Now, computers can’t just send requests directly to the server; they have to bounce them between various proxies, programs which forward requests and responses along and help them get where they need to go. With some proxies, that’s all they do; others can store, redirect, or even edit and block requests and responses that go through them. Web debugging proxies are the latter kind; they intercept sessions involving the computer they’re installed on and let the user analyze and modify them.
What does Fiddler Everywhere let users do?
Fiddler Everywhere’s features are divided among three main functions; the Live Traffic Stream, the Composer, and the Auto Responder.
The Live Traffic Stream
The Live Traffic Stream is the first thing you see when you boot up Fiddler Everywhere, and is arguably its main function. On the left is the Stream itself, showing every session as it’s captured. Each session displays its host server, its URL, its HTTP method, its HTTP result code (usually 200), the size of its body in bytes, its caching data, its content type, and whether it’s using HTTP or HTTPS. Any one of these properties can be used to sort or filter the stream. The stream can capture HTTPS traffic, but you have to enable it in the settings menu. Doing so requires trusting Fiddler’s root certificate, due to the way HTTPS works. Right-clicking on selected sessions in the stream will let you copy them, comment on them, save them, share them with other users, or use their URL to create a Composer request or an Auto Responder rule.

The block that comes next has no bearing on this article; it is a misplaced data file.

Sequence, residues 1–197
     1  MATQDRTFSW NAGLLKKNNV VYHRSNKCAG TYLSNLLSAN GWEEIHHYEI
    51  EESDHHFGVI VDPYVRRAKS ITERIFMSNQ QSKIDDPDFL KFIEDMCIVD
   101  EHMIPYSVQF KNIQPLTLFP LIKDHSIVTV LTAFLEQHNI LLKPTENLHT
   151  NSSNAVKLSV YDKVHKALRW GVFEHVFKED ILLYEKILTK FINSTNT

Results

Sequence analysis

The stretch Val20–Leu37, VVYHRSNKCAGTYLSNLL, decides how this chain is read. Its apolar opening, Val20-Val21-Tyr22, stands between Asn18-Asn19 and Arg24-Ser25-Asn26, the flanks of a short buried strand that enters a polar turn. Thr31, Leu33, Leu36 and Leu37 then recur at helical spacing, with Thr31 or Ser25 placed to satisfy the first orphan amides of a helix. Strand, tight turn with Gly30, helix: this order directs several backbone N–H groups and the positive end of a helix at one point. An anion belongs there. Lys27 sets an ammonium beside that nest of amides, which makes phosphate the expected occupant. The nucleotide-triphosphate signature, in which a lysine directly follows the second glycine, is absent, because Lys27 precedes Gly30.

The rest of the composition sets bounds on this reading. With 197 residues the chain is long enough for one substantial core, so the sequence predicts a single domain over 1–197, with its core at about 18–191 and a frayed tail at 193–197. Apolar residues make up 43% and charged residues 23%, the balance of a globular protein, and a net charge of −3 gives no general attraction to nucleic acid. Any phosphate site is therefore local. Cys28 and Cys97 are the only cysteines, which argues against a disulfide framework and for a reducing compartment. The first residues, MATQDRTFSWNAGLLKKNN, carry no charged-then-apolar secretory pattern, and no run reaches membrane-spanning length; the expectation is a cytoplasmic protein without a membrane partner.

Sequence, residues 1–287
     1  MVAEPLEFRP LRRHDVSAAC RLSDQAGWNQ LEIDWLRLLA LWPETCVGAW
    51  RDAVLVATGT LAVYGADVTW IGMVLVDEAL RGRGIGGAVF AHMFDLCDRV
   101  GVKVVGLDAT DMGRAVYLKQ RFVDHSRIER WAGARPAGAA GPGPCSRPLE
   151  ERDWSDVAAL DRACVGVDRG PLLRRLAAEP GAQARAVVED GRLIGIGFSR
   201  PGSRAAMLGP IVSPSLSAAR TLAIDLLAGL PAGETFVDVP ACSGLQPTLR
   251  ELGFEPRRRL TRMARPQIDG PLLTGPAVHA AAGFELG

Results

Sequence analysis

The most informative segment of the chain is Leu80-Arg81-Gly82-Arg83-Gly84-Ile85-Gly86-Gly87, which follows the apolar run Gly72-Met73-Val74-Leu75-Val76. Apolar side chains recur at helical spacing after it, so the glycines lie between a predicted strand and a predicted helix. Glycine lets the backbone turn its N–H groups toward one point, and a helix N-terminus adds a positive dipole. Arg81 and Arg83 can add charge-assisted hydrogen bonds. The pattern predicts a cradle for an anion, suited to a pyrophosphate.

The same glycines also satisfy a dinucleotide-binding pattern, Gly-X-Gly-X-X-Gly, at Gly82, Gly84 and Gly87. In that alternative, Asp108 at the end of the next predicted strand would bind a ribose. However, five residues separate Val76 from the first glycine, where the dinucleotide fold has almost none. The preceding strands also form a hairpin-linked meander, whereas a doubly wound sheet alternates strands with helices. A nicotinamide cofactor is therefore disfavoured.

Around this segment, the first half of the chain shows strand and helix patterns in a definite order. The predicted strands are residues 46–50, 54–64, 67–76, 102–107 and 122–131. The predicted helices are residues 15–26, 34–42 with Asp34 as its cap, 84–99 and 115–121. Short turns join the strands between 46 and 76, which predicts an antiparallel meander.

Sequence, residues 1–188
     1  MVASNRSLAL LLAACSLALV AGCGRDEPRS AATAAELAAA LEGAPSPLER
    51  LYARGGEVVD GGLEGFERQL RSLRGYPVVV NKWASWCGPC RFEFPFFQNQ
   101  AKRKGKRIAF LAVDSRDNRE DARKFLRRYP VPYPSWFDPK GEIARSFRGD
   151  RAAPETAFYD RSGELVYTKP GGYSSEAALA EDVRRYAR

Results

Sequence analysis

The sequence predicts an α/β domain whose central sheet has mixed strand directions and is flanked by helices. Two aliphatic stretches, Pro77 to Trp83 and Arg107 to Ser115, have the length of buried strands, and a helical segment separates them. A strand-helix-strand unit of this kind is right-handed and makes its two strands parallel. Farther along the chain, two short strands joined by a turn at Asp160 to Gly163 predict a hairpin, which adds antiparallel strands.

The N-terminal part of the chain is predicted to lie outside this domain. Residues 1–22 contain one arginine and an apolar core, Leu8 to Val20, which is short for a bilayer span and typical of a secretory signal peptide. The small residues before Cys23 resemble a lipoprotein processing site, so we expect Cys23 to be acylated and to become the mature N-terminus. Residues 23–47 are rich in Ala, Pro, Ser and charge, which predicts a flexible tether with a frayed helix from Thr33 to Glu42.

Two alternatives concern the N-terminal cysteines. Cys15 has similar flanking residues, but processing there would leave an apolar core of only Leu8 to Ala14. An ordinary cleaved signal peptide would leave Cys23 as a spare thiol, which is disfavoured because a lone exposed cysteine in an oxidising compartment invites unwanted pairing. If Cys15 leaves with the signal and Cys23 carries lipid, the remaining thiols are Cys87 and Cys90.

To the right of the stream are the Inspector windows, letting you see information inside both the request and response simultaneously; request on the top, response on the bottom. Multiple tabs let you see different parts of each:
• The Headers tab (for both) shows various metadata assigned to the request/response. HTTP headers are very specific and standardized, and learning what each of them means can help you understand what any session is trying to do without even looking at the rest of the tabs.
• The Text tab (for both) shows any text that the request/response contains.
• The Web Forms tab (for request only) shows HTML form-data represented as a set of key-value pairs.
• The Image tab (for response only) displays any images that the response contains.
• The Web tab (for response only) gives an approximation of what the data contained in the response looks like when rendered as a webpage.